We propose a system for aiding in functional recovery after a stroke that consists of two wearable sensors, one worn on the stroke-affected upper limb and the other on the contralateral upper limb [32] (Fig. 1). The proposed system can be used to provide timely feedback when ADL are performed. If the system detects that the patient consistently performs GD movements with the unaffected upper limb, and rarely uses the stroke-affected upper limb, then a visual or vibrotactile reminder can be triggered to encourage the patient to attempt GD movements with the stroke-affected limb. A benefit of this approach is that if a movement is critical (e.g., signing a check), patients can use the unaffected upper limb without receiving negative feedback as long as they have performed a sufficient number of movements with the affected upper limb throughout the day. Furthermore, the system promotes high-dosage motor practice with appropriate feedback to extend components of rehabilitation interventions into the home environment.[…]

via Enabling Stroke Rehabilitation in Home and Community Settings: A Wearable Sensor-Based Approach for Upper-Limb Motor Training – IEEE Journals & Magazine

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[WEB SITE] New wireless sleeve to help people recover arm use after stroke – ScienceDaily

Summary: Scientists are intending to develop and trial a new wearable technology to help people who have had a stroke recover use of their arm and hand. The team will create a wireless sleeve, which will provide automatic, intelligent information about muscle movement and strength while patients practice every-day tasks at home. The data will be available on a computer tablet to enable patients to review their progress as well as to allow therapists to tailor their rehabilitation program.

Scientists at the University of Southampton are to develop and trial a new wearable technology to help people who have had a stroke recover use of their arm and hand.

Led by Professor Jane Burridge, the team will create a wireless sleeve, which will provide automatic, intelligent information about muscle movement and strength while patients practice every-day tasks at home.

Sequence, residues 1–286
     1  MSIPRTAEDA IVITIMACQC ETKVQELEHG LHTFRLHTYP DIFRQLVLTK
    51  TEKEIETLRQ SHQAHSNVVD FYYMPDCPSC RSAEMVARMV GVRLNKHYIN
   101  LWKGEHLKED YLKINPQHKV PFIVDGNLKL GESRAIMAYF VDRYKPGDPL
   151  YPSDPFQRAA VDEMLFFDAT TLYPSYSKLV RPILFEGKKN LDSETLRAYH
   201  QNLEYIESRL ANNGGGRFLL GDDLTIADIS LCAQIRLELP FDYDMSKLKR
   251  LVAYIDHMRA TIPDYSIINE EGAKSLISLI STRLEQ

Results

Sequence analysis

The data will be available on a computer tablet to enable patients to review their progress as well as to allow therapists to tailor their rehabilitation programme.

The two-year project has been funded with a grant of just under £1 million from the National Institute for Health Research (NIHR) through its Invention for Innovation (i4i) programme and is a collaboration between the University of Southampton and Imperial College London, two medical technology consultancies; Maddison and Tactiq and NHS Trusts in Bristol and Portsmouth.

Jane Burridge, Professor of Restorative Neuroscience at Southampton, comments: “About 150,000 people in the UK have a stroke each year and, despite improvements in acute care that results in better survival rates, about 60 per cent of people with moderate to severe strokes fail to recover useful function of their arm and hand.

“Stroke rehabilitation is increasingly home-based, as patients are often discharged from hospital after only a few days. This policy encourages independence and avoids problems associated with prolonged hospital stays. However, some patients struggle to carry out the exercises and they may question whether what they are doing is correct. Similarly therapists don’t have objective measurements about their patients’ muscle activity or ability to move. Rehabilitation technologies like our sleeve will address problems faced by both patients and therapists.”

The wearable technology is the first to incorporate mechanomyography (MMG) microphone-like sensors that detect the vibration of a muscle when it contracts, and inertial measurement units (IMU), comprising tri-axial accelerometers, gyroscopes and magnetometers that detect movement. Data from the two types of sensors will be put together and then data that is not needed, for example outside noise, will then be removed from the muscle signal.